The US Department of Education has developed a uniform "Statewide Longitudinal Data System" to collect student information in each state. This data is being collected to create a nationwide data base to "transform education."
Intrusive Data Tracking
Federal grants were used by states to build expensive these high-tech data systems that track student performance and other personal data and provide that information directly to the federal government.
“Hopefully, some day, we can track children from preschool to high school and from high school to college and college to career.” – U.S. Secretary of Education, Arne Duncan, from a June 8, 2009 speech
In 2011, the NH Department of Education applied for a federal grant to develop its statewide longitudinal data system.
In order to obtain these federal funds, states was required to detail its effort to institute rigorous teacher and principal evaluation systems, data systems that specifically connect individual teachers with individual students, and data systems that compile student-level data from preschool through higher education.
This data system is being used to collect up to 400 data points per student. This private student and teacher information is being transferred to the federal government.
According to the minutes of the NH Board of Education, New Hampshire's statwide longitudinal data system went operational in New Hampshire in April 2012.
Here is the grant application New Hampshire Department of Education submitted to acquire the federal funds for its data system:
Application for Grant under the Statewide, Longitudinal Data Systems
On page 75 of this grant application, the Chairman of the Senate Education Committee details NH's commitment to institute rigorous teacher and principal evaluation systems:
Notice that Sen. Nancy Stiles mentioned 2011 SB 196 which created "a teacher evaluation process."
RSA 189:14-a (b) School boards shall have a teacher performance evaluation policy.
However, that was not sufficient. Two years later the US Department of Education made additional mandates that resulted in more legislation. This time the mandates were to meet the requirements of NH's No Child Left Behind or ESEA Waiver application. In order to obtain the waiver three pieces of legislation was required, one of which was 2013 HB 142, which included the following:
RSA 189:1-a III. School boards shall adopt a teacher performance evaluation system, with the involvement of teachers and principals, for use in the school district. A school board may consider any resources it deems reasonable and appropriate, including any resources that may be provided by the state department of education. In this paragraph, “teacher” shall have the same meaning as in RSA 189:14-a, V.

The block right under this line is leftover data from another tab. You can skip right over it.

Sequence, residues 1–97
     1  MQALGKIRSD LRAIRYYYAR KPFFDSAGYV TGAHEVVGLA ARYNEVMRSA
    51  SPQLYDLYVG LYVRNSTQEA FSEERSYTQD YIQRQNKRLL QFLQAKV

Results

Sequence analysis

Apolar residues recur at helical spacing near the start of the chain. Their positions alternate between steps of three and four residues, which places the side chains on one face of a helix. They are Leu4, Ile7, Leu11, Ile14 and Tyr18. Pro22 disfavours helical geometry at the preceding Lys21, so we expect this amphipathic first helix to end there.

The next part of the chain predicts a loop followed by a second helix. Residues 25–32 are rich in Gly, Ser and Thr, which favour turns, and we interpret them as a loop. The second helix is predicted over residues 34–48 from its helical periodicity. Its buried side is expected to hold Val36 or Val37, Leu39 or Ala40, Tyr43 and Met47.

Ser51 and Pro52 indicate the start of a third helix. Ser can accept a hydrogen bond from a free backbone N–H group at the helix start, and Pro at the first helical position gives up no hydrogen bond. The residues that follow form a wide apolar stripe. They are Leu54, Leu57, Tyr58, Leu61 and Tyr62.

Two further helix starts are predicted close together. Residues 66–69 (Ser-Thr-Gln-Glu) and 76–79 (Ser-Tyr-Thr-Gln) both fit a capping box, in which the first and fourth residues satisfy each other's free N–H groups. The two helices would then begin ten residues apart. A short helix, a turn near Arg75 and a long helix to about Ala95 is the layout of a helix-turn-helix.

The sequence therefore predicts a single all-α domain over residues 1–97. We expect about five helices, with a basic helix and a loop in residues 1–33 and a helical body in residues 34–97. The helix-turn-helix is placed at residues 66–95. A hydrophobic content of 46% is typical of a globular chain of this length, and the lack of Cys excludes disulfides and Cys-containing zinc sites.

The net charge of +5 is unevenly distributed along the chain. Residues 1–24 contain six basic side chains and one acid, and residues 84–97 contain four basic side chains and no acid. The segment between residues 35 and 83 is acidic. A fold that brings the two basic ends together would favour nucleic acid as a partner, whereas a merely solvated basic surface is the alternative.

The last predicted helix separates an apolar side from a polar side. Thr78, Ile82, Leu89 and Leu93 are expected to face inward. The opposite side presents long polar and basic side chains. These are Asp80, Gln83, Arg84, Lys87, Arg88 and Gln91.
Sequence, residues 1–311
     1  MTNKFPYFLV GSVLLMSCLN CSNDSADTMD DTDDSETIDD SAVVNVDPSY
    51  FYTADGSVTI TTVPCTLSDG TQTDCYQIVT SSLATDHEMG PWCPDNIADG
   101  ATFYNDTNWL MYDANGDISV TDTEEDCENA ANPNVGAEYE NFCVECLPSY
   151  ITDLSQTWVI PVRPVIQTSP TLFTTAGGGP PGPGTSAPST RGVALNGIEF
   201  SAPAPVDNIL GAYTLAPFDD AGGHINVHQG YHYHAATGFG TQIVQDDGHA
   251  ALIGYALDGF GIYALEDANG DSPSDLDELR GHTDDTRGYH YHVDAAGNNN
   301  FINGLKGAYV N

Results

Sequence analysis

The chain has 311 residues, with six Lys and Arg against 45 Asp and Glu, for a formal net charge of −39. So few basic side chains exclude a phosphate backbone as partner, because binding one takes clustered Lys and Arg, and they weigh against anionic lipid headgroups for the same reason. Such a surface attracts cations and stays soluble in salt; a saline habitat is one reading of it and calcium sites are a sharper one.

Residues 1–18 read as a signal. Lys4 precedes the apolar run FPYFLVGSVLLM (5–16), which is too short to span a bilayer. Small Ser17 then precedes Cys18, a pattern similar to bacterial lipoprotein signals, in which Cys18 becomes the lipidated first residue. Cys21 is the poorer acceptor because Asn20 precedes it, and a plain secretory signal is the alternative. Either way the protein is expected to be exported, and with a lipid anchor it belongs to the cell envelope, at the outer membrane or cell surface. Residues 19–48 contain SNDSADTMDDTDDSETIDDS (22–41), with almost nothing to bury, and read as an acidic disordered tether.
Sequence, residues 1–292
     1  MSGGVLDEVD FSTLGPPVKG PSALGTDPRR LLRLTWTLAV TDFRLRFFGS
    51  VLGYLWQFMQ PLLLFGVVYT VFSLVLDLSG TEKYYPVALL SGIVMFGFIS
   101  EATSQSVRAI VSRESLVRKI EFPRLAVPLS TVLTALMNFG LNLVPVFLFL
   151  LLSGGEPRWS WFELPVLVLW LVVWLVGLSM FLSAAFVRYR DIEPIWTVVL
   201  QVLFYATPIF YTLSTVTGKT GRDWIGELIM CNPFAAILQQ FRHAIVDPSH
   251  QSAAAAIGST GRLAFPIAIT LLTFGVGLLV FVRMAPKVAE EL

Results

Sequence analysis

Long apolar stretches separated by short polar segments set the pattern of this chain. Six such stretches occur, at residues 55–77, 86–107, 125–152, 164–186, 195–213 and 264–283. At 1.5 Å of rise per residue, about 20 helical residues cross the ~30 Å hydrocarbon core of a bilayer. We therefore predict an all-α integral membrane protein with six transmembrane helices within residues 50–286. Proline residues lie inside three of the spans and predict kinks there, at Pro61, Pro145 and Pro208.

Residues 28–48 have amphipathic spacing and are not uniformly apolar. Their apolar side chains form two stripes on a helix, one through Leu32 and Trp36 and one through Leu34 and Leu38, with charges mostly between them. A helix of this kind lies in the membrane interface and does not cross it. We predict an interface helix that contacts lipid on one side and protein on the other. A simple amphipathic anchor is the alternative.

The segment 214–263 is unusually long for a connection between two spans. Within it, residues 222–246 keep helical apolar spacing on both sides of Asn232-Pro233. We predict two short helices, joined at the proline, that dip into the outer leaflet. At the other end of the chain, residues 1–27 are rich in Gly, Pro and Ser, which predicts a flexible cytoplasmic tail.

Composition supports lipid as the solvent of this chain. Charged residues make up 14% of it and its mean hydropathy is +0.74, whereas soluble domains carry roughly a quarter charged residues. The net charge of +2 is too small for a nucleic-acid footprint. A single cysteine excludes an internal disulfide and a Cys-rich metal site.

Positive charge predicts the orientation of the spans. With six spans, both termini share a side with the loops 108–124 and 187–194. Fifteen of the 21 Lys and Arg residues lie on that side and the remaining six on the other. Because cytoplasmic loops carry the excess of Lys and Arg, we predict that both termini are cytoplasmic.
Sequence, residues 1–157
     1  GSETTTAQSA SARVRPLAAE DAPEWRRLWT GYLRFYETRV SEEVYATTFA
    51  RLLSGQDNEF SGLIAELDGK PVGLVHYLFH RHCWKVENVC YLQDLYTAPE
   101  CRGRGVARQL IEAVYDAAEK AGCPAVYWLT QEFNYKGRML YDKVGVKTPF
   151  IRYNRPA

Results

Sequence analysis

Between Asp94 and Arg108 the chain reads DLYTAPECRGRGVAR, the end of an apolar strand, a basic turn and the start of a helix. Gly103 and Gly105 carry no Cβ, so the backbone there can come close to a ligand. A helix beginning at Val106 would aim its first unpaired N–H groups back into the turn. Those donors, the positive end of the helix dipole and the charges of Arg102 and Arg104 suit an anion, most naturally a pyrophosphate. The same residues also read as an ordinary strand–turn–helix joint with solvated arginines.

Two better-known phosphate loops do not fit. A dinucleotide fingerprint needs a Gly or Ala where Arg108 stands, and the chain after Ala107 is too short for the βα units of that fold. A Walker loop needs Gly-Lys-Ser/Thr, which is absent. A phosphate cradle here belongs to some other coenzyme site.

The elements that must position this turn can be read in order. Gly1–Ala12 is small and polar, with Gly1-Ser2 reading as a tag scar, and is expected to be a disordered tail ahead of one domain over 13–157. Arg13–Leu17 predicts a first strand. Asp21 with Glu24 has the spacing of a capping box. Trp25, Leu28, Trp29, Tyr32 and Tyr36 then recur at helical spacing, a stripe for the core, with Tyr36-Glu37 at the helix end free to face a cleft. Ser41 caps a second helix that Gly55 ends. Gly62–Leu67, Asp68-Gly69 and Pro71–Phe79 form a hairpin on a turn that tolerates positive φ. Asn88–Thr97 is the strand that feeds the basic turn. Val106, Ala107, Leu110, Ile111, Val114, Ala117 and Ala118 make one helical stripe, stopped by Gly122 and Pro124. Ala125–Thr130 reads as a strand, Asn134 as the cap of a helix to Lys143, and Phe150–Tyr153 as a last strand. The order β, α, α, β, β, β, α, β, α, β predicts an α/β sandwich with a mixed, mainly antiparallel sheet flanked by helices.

[RSA 189:14-a, V. “Teacher” means any professional employee of any school district whose position requires certification as a professional engaged in teaching. The term “teacher” shall also include principals, assistant principals, librarians, and guidance counselors.
No doubt, with the renewal, which is actually a one year extension, of NH's two year No Child Left Behind waiver, more legislation will be required to meet the federal government's ever increasing demands.
Common Core as currently implemented directly violates or comes to the very edge of the line of these three federal laws. Particularly the last one below is in process of being violated as states are required to incur costs of this implementation that are not funded by the federal government (with taxpayer money).
From the General Education Provisions Act (20 USC § 1232a)
“No provision of any applicable program shall be construed to authorize any department, agency, officer, or employee of the United States to exercise any direction, supervision, or control over the curriculum, program of instruction, administration, or personnel of any educational institution, school, or school system, or over the selection of library resources, textbooks, or other printed or published instructional materials by any educational institution or school system, or to require the assignment or transportation of students or teachers in order to overcome racial imbalance.”
From the Department of Education Organization Act (20 USC § 3403(b))
“No provision of a program administered by the Secretary or by any other officer of the Department shall be construed to authorize the Secretary or any such officer to exercise any direction, supervision, or control over the curriculum, program of instruction, administration, or personnel of any educational institution, school, or school system, over any accrediting agency or association, or over the selection or content of library resources, textbooks, or other instructional materials by any educational institution or school system, except to the extent authorized by law.”
From the Elementary and Secondary Education Act of 1965 as amended by the No Child Left Behind Act of 2001 (20 USC 7907(a))
“Nothing in this Act shall be construed to authorize an officer or employee of the Federal Government to mandate, direct, or control a State, local educational agency, or school’s curriculum, program of instruction, or allocation of State and local resources, or mandate a State or any subdivision thereof to spend any funds or incur any costs not paid for under this Act.”